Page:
Integral Logistics Management — Operations Management and Supply Chain Management Within and Across Companies

17.2.6 Operation and Routing Sheet

Intended learning outcomes: Present the concepts of the operation business object in association with the routing sheet. Describe the most important attributes of the operation master object. Produce an overview on the work center where-used list.



Section 1.2.3 introduces the operation business object in association with the routing sheet and resource requirement or process plan business objects. This section provides a detailed description of the operation object, particularly its most important attributes. An operation is described by at least the following attributes (see also Figure 17.2.1.1):

  • Product ID (the product identification); this is an item ID
  • Sequential number or operations sequence number; this defines the order in which the operations are carried out
  • Work center ID of the primary work center, that is, where the operation is normally scheduled to be performed
  • Work center ID of the alternate work center, that is, where the operation is not normally scheduled to be but can be performed
  • Operation description, which may consist of several lines; this is ideally a typical concise description, followed by detailed information
  • Standard setup load (see Section 13.1.2)
  • Standard run load per unit (see Section 13.1.2)
  • Setup time and run time per unit or the formulas for converting from setup load and run load to setup time and run time
  • Technical wait time after the operation (see Section 13.1.3)
  • Effective dates (start and stop). On these dates, the operation is to be added or removed from the routing sheet; effectivity control may also be by engineering change number or serial number rather than date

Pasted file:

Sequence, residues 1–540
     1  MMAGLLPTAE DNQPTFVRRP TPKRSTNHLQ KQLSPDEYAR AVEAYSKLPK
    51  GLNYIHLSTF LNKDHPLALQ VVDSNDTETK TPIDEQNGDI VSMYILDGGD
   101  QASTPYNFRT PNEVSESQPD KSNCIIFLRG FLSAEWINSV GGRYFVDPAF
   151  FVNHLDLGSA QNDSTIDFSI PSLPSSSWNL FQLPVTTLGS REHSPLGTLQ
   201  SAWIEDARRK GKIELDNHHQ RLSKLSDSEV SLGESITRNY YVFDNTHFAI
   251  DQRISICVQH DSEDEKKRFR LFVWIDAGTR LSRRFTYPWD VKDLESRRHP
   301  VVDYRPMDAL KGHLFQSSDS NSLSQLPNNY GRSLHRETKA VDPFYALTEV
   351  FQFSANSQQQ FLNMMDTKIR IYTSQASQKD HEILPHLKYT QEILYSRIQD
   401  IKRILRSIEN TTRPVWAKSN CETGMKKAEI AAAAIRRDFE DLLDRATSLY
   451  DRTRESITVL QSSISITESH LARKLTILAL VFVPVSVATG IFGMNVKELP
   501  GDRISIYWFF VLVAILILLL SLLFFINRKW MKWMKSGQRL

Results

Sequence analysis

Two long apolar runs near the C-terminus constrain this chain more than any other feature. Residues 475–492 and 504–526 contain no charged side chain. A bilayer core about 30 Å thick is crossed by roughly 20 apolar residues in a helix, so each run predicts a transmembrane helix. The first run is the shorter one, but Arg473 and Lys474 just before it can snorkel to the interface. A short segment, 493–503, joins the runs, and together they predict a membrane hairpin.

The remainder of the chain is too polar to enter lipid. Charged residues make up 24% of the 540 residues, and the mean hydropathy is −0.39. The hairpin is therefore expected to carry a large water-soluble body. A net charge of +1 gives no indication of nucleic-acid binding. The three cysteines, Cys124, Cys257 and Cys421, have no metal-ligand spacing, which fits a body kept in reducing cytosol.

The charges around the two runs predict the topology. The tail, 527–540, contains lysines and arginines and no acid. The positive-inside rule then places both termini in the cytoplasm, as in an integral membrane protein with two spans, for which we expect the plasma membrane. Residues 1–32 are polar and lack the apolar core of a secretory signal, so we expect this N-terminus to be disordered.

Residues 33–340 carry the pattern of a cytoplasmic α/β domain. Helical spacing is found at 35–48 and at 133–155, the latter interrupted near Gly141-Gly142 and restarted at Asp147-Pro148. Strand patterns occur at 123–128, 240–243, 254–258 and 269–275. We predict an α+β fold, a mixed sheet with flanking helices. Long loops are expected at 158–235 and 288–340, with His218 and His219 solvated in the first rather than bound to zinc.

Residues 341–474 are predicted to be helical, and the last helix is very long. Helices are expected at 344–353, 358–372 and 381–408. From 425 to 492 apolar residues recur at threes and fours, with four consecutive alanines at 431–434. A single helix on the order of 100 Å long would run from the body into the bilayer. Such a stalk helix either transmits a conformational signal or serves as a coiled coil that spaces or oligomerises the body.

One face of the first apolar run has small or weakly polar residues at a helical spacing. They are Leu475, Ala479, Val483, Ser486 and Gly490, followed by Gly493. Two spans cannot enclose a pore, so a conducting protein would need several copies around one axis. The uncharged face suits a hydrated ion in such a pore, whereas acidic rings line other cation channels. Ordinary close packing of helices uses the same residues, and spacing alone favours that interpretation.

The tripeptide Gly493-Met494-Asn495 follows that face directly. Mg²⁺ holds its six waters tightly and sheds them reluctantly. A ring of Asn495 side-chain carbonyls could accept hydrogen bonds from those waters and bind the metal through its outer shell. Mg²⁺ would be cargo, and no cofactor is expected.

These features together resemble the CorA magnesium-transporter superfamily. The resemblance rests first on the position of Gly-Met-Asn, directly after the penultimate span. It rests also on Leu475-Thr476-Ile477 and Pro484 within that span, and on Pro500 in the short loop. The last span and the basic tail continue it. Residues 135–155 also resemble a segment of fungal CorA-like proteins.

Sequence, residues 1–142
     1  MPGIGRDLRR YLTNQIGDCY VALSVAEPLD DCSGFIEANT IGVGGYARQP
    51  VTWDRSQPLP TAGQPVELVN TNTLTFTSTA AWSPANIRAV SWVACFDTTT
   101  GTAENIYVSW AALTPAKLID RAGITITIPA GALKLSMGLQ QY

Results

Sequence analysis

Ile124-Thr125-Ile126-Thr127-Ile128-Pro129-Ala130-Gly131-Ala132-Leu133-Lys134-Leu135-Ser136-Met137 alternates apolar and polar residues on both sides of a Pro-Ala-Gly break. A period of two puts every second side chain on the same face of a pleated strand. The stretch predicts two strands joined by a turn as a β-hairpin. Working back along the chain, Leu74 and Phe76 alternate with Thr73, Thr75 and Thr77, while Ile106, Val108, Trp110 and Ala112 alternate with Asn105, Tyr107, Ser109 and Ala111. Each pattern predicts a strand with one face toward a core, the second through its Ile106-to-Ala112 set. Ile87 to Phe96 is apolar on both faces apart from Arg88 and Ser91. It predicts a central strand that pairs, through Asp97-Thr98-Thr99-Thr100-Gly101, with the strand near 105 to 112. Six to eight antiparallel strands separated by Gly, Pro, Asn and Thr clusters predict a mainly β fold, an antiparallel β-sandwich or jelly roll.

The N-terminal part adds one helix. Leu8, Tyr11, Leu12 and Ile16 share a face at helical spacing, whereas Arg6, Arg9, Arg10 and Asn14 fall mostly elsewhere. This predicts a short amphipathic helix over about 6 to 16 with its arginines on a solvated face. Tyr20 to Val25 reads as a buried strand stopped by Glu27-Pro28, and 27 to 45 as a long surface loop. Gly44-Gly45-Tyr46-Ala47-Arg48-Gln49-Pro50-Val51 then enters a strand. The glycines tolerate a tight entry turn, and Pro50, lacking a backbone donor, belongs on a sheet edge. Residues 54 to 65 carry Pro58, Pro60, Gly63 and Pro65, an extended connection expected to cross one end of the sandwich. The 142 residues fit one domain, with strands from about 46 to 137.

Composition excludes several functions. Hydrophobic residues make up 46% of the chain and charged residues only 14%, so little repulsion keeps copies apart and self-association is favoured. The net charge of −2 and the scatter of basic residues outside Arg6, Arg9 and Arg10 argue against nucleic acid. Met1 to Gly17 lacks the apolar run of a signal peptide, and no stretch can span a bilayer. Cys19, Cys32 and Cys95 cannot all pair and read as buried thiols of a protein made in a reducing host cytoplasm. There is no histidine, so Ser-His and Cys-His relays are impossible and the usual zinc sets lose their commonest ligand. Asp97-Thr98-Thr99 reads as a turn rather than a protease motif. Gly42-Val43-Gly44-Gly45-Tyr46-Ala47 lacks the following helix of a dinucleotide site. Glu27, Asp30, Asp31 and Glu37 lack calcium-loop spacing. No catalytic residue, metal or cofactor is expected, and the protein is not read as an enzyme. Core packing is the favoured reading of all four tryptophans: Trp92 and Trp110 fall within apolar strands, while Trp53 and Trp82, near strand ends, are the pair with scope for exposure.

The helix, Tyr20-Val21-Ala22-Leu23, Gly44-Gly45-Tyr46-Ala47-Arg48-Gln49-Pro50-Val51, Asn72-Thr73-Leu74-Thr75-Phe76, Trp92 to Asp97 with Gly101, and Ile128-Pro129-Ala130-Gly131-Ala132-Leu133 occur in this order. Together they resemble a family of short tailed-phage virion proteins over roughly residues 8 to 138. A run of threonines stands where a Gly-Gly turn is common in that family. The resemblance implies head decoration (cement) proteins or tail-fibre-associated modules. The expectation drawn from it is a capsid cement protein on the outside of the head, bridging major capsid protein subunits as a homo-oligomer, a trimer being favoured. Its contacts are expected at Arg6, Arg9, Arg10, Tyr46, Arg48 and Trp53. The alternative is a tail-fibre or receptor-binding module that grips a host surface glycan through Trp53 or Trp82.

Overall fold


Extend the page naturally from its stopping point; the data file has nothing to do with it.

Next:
The operation IDis the union of the product ID and operation number attributes.

The routing sheet or routing can be derived from its operations, just as the bill of material can be derived from its bill-of-material positions. A product forms a 1-to-n association with its operations.

An alternate routing is a routing, usually less preferred than the primary routing, but resulting in an identical item.

An alternate operation is a replacement for a normal step in the manufacturing process.

Alternate routings and operations may be maintained in the computer or offline via manual methods, but the computer software must be able to accept alternate routings and operations for specific jobs (see [APIC16]).

A work center where-used list provides an indication of how a work center is used in products, or more precisely in the operations for products.

As with the where-used list for components, the work center where-used list addresses the operations from the work center viewpoint, as a supplement to the product viewpoint. See Figure 17.2.3.2. A work center also forms a 1-to-n association with the operations.

Aspects of computerized administration:

  • There are transactions that allow the entire routing sheet for an assembly or a partial routing sheet to be assigned to another assembly. There are also transactions that allow large-scale modi­fications to be carried out, for example, by replacing a certain work center with a different work center in every operation (batch procedure running in background mode).